אין טשין את התנור באליה ואם טש כל הפת כולה אסורה עד שיסיק את התנור הא הוסק התנור מיהא שרי תיובתא דרבא בר אהילאי תיובתא
one may not smear the inside of an oven with the fat tail [alya] of a sheep, because it is meat. And if one did smear it over the oven, then all of the bread baked in it is prohibited, lest one accidentally eat this bread with milk. However, this applies only until one kindles the oven and burns off this fat. The Gemara infers from this baraita that if the oven was kindled afterward then it is permitted in any case. This would seem to present a conclusive refutation of the statement of Rava bar Ahilai who maintains that the bread cooked in this oven is prohibited forever, even after the oven is rekindled. The Gemara concludes: Indeed, this is a conclusive refutation of his opinion.
אמר ליה רבינא לרב אשי וכי מאחר דאיתותב רבא בר אהילאי אמאי קאמר רב קדירות בפסח ישברו אמר ליה התם תנור של מתכת הכא בקדירה של חרס
Ravina said to Rav Ashi: Since the statement of Rava bar Ahilai was refuted, why did Rav say that pots that were used for leavened bread on Passover should be broken? Presumably, their status could be remedied in the same way as was that of this oven, by heating them on a fire until the flavor of the leavened bread absorbed in them was removed. Rav Ashi said to him: There is a distinction between these two cases. There, it is referring to a metal oven, which can be cleansed through an additional kindling, while here, it is referring to an earthenware pot, where additional kindling is insufficient, as the earthenware has the capacity to absorb more of the flavor of the leavened bread and it cannot be purged by fire.
ואיבעית אימא הא והא בשל חרס זה הסיקן מבפנים וזה הסיקן מבחוץ וכי תימא הכי נמי ליעבד ליה הסקה מבפנים חייס עליה משום דפקעה
If you wish, say instead that both this, the oven, and that, the pot, are earthenware, but that the following distinction applies. This, the oven, is kindled from the inside, and as the fire is kindled inside the oven itself, it consumes the absorbed flavor of the leavened bread. While that, the pot, is kindled from the outside, such that the flavor of the prohibited material absorbed in the pot is not purged by the fire. And if you say, so too here, in the case of the pot, he should perform the kindling procedure on the pots from the inside to remove that which has been absorbed, this is not reasonable. Presumably, the owner of the pot will be concerned lest it burst if he makes the pot too hot. Therefore, he will not use sufficient heat to ensure that the leavened bread that has been absorbed will be completely purged.
הלכך האי בוכיא הסיקו מבחוץ הוא ואסור ואי מלייה גומרי שפיר דמי
The Gemara concludes: Therefore, based on this principle, this griddle made from earthenware tiles that was used to bake bread is a type of oven where the kindling is from the outside and therefore prohibited. But if he fills it with burning coals, then it seems well and it can be used afterward. Because this vessel is often subject to a high level of heat, the owner will not be concerned that it will break when heated.
אמר ליה רבינא לרב אשי הני סכיני בפסחא היכי עבדינן להו אמר ליה לדידי חדתא קא עבדינן אמר ליה תינח מר דאפשר ליה דלא אפשר ליה מאי אמר ליה אנא כעין חדתא קאמינא קתייהו בטינא ופרזלייהו בנורא והדר מעיילנא לקתייהו ברותחין והלכתא אידי ואידי ברותחין ובכלי ראשון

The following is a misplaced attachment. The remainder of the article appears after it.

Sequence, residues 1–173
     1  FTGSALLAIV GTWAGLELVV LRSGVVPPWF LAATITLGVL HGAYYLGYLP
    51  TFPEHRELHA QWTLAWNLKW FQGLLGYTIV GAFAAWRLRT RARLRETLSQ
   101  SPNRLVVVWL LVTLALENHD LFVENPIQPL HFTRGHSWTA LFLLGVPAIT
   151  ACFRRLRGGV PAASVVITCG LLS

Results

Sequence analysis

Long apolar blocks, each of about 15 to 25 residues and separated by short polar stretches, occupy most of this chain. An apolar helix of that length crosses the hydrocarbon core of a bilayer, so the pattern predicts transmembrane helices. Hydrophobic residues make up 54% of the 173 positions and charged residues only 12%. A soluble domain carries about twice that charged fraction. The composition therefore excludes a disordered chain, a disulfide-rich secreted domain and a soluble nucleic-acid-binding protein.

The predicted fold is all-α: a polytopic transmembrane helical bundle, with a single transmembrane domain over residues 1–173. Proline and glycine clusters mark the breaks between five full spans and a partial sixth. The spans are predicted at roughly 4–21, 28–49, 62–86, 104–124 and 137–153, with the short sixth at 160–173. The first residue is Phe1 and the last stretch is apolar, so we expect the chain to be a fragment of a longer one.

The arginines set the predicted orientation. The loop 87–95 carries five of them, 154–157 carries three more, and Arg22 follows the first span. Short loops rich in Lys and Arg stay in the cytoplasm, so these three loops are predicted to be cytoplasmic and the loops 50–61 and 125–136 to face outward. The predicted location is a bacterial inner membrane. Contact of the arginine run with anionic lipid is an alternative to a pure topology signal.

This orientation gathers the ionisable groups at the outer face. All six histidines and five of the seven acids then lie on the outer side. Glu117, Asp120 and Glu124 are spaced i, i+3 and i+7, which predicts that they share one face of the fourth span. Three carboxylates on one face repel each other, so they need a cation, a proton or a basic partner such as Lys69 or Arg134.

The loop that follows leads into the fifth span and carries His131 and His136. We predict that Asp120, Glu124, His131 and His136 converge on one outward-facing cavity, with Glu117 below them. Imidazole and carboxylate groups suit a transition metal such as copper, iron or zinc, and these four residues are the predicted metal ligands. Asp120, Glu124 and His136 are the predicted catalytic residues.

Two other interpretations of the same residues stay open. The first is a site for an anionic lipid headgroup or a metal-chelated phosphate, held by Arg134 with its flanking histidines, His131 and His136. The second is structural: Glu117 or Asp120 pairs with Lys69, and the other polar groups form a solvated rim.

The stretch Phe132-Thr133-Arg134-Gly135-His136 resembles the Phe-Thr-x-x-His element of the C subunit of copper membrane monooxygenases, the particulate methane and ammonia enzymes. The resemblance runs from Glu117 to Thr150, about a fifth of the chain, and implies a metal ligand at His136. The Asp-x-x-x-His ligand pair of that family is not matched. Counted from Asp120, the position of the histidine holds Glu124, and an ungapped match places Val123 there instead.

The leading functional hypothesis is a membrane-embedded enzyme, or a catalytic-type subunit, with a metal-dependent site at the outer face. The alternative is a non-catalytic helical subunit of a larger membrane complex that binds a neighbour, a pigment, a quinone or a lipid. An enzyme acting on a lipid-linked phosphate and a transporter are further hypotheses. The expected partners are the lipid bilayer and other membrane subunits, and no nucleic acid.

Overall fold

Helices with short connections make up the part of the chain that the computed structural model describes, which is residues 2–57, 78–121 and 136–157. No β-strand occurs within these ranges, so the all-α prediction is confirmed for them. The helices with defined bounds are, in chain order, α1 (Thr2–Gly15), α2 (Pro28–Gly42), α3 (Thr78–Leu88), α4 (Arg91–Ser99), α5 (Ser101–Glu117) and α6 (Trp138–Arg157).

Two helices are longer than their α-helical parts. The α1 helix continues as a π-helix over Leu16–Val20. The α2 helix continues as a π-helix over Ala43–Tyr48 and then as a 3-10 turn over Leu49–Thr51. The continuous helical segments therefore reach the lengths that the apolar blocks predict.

Ravina said to Rav Ashi: With regard to these knives, how do we prepare them for use during Passover? Rav Ashi said to him: For me, personally, we craft new ones. Ravina said to him: It works out well for Master, as you are able to afford new knives. However, what should one who is unable to purchase new knives do? He said to him: I was speaking of making them like new by thoroughly cleaning them in the following manner: One should cover the wooden handles in mud, so that they will not be burned, and heat the metal with fire until it is white-hot. And then I place the handles of the knives in boiling water in order to remove anything that had been absorbed into the wood. And the halakha is that with regard to both this, the blade, and that, the handle, it is sufficient to immerse them in boiling water, so long as this water is still in a primary vessel. The water must still be in the original pot in which it was boiled and not poured from another pot.
אמר רב הונא בריה דרב יהושע עץ פרור מגעילו ברותחין ובכלי ראשון קסבר כבולעו כך פולטו
Rav Huna, son of Rav Yehoshua, said: A wooden ladle should be purged in boiling water in a primary vessel in order to remove the flavor of the forbidden food that it absorbed. The Gemara states: He holds in accordance with the principle: As it absorbs the flavor of the forbidden substance, so it emits it. The same cooking method and level of heat that caused the flavor of the forbidden substance to be absorbed in the vessel suffices to discharge the flavor of that substance from the vessel. Therefore, a ladle that absorbed flavor of leavened bread from a pot of boiling water which was over a fire will discharge the flavor of leavened bread once it is placed in the boiling water again.
בעו מיניה מאמימר הני מאני דקוניא מהו לאישתמושי בהו בפסחא ירוקא לא תיבעי לך דודאי אסירי כי תיבעי לך אוכמי וחיורי מאי והיכא דאית בהו קרטופני לא תיבעי לך דודאי אסירי כי תיבעי לך דשיעי מאי
They raised a dilemma before Ameimar: Concerning certain glazed [konya] earthenware vessels, what is the halakha with regard to using them during Passover? The Gemara explains: With regard to green vessels, the dilemma need not even be raised, as they are certainly prohibited as their coating does not prevent them from absorbing the flavor of leavened bread. Let the dilemma be raised with regard to black and white vessels: What is the halakha here? And furthermore, the dilemma need not be raised when they have cracks; as the leavened bread will remain stuck in these cracks, they are certainly prohibited. Let the dilemma be raised with regard to smooth vessels: What is the halakha in that case?